Scientists at Saudia Arabia’s King Abdullah University of Science and Technology demonstrated an organic PV cell that can simply be printed onto a piece of paper. The cell set a new efficiency record for a fully inkjet-printed device, and its designers envisage applications in integrated medical sensors.
A team of researchers led by Nanchang University in China trialed a polymer based hole transport layer to flexible perovskite solar cells, using a glue to attach it to the active perovskite. The team was able to assemble the 19.87%-efficient cells into a small flexible module suitable for wearable solar applications, and says its design was inspired by the structure and movements of human vertebrae.
Researchers from Saudi Arabia’s King Abdullah University of Science and Technology claim to have developed a highly performant organic PV cell using tungsten disulfide flakes a few atoms thick. The stability of the device, however, is still to be evaluated.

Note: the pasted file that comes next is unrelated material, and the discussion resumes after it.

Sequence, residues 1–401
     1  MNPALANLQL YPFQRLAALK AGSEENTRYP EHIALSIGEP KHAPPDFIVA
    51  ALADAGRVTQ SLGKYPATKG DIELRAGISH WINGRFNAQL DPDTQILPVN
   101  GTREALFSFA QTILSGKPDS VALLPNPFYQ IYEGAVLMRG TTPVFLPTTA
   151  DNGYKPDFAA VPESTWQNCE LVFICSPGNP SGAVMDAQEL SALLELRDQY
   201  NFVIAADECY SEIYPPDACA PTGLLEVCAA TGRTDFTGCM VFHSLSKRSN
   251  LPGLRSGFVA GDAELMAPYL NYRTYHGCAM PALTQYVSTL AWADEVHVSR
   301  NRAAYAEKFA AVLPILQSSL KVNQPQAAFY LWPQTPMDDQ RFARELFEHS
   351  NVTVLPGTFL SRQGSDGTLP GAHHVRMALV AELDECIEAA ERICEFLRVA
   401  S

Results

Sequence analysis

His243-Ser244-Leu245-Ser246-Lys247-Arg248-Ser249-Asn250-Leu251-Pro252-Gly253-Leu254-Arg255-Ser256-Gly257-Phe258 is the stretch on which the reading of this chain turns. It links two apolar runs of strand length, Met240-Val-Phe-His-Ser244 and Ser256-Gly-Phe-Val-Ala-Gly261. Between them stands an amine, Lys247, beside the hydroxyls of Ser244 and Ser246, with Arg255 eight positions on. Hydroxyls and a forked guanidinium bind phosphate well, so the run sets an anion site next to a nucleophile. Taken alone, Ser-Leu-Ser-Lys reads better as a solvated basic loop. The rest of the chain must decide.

Researchers at the Massachusetts Institute of Technology have developed a transparent coating they successfully incorporated into a perovskite solar cell, increasing efficiency and stability. The group says with further improvements the material could be used as a simpler, less expensive alternative to widely used indium tin oxide as a transparent conductive material for a range of applications.
The race to the theoretical maximum conversion efficiency continues and with new lab results in, it appears a big leap forward may have been achieved at Leibniz University Hannover.
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